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Muscle Disuse (Knee Brace) and Recovery Research

There are negative health consequences of muscular disuse in aging populations. We seek to address key knowledge gaps that limit researchers’ ability to implement evidence-based rehabilitation strategies. The purpose of the study is to examine changes in the structure and function of skeletal muscle during periods of disuse and rehabilitation in middle-aged men and women.

There are two phases of this study:

Phase 1

  • Physical therapist provided instruction for the proper use of crutches
  • Wear a leg sling and utilize crutches for 1 week

Phase 2

  • Undergo 2 weeks of supervised rehabilitation
  • Weight lifting OR walking

Healthy, middle-aged men and post-menopausal women (50-65 years) will be recruited from the greater Houston/Galveston area. This under-represented research demographic demonstrates few negative metabolic or phenotypic signs of advanced age but is at increased risk of being hospitalized and experiencing accelerated loss of lean mass and muscle function that parallels a much older population. The goal of this study is to characterize phenotypic and molecular skeletal muscle changes in middle-aged men and women during critical periods of disuse and rehabilitation and ultimately direct the development of targeted and effective prevention and treatment strategies.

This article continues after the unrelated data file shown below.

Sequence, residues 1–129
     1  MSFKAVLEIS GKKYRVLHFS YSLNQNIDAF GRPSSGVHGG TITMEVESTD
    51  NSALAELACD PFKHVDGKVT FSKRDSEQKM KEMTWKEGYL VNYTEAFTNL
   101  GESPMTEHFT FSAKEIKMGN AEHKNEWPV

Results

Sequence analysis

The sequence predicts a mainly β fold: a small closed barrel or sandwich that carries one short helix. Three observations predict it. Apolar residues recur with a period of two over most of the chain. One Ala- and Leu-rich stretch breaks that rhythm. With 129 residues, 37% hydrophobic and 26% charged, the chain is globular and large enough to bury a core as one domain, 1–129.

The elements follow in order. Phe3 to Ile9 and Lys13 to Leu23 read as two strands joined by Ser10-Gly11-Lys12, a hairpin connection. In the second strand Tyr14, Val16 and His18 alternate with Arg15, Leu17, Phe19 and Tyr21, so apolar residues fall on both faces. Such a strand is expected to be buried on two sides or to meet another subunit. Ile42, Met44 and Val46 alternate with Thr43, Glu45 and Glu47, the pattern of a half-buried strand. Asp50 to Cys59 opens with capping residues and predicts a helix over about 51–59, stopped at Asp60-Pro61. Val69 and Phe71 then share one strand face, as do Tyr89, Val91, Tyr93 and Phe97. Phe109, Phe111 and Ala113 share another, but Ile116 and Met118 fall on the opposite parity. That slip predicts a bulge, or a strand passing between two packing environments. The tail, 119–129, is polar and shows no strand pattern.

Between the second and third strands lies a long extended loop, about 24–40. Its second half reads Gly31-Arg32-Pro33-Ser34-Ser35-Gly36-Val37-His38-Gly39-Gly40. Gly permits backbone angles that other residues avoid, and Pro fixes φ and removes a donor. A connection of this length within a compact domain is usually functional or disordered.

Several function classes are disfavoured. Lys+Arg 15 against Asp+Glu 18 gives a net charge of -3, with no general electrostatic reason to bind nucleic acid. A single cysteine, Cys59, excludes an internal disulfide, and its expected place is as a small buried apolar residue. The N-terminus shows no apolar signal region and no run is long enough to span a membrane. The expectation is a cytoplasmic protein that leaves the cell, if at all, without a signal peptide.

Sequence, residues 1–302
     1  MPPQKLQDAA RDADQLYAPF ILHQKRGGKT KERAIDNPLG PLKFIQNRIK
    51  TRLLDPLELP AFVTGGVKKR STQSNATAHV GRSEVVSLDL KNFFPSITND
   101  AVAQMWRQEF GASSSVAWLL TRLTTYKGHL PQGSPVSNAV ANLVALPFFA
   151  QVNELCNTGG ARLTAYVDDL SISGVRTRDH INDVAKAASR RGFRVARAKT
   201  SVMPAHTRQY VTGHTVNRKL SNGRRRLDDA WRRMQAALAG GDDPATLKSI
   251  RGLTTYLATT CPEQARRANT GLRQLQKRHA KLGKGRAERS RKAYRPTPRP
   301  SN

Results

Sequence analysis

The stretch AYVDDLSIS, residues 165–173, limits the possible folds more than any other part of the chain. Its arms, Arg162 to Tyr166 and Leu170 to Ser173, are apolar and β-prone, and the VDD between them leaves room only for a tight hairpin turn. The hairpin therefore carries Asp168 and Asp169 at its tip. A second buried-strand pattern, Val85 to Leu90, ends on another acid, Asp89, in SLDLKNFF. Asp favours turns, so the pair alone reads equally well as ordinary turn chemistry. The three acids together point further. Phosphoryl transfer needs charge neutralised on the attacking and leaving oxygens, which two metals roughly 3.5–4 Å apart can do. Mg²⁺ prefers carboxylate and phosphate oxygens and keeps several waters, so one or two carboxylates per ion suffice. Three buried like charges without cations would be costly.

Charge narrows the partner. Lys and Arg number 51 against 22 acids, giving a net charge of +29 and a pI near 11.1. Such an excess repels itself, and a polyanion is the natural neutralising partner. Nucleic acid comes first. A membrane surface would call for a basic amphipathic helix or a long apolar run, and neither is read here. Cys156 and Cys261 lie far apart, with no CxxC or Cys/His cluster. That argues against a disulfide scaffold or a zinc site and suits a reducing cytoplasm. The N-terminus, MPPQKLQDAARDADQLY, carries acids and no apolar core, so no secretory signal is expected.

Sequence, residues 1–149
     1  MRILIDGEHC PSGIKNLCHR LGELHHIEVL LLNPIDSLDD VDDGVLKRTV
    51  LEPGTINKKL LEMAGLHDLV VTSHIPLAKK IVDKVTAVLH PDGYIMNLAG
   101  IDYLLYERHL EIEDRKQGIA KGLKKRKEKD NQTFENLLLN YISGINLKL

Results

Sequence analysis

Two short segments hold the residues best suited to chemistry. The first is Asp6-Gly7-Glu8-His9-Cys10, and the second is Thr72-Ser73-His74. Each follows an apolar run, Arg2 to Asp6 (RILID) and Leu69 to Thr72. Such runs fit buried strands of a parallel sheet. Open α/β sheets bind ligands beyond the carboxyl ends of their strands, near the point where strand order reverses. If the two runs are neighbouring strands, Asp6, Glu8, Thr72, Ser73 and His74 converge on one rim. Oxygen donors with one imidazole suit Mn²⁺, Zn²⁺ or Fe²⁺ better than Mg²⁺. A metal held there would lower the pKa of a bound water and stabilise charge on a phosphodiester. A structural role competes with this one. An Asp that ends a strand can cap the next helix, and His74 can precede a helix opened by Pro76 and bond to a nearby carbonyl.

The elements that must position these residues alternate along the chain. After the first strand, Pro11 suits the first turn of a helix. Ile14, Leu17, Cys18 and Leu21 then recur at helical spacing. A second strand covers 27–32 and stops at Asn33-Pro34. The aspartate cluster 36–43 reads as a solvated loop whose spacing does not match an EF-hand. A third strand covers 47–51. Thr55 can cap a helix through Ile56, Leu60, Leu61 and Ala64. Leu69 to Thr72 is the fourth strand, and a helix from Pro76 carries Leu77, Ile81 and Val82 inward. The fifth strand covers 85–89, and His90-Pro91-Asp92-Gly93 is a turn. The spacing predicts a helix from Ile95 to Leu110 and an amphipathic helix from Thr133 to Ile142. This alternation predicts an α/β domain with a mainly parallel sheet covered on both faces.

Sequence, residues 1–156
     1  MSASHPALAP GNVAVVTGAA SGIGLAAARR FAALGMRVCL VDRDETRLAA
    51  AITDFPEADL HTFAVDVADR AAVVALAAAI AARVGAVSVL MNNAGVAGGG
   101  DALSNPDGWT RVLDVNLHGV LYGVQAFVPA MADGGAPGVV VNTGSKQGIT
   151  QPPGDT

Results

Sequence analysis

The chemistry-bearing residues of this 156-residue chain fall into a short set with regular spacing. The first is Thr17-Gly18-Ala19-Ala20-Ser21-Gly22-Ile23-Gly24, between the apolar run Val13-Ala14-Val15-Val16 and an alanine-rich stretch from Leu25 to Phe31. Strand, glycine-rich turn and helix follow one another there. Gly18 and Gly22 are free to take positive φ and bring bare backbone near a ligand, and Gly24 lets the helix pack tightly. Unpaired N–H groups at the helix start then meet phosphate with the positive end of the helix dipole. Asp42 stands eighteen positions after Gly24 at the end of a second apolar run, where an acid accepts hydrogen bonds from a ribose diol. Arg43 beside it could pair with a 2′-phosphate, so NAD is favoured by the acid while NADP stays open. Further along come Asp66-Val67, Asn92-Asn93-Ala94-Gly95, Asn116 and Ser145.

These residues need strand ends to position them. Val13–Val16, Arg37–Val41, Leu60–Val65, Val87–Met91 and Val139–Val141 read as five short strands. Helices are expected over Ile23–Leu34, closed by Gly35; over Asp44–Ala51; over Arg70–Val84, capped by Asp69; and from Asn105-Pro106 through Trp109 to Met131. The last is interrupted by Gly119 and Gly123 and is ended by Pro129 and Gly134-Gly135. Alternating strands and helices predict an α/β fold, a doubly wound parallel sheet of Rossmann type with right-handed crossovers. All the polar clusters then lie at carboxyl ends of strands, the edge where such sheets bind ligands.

Key Personnel

  • Sean Kilroe, PhD, E: spkilroe@utmb.edu, P: (832) 378-8461
  • Zach Von Ruff, MS, E: zdvonruf@utmb.edu, P: (832) 356-9469
  • Emily Lantz, PhD, E: ejlantz@utmb.edu
  • Study PI: Blake Rasmussen, PhD E: blrasmus@utmb.edu

We are looking for volunteers who:

  • Are male or female 50-65 years of age
  • Are generally healthy
  • Can attend multiple weekday study visits at the UTMB Galveston campus over a 6-8 week period
  • Download flyer:  https://utmb.us/5zp

Volunteers will be compensated for their participation.

 

Contact

UTMB Department of Nutrition & Metabolism (Muscle Disuse Study)
Summer Chapman, MSN, RN, CCRP
E: srchapma@utmb.edu
P: 409-266-9666

This study is supported by a grant from the National Institute of Aging (ROI AG064386-01).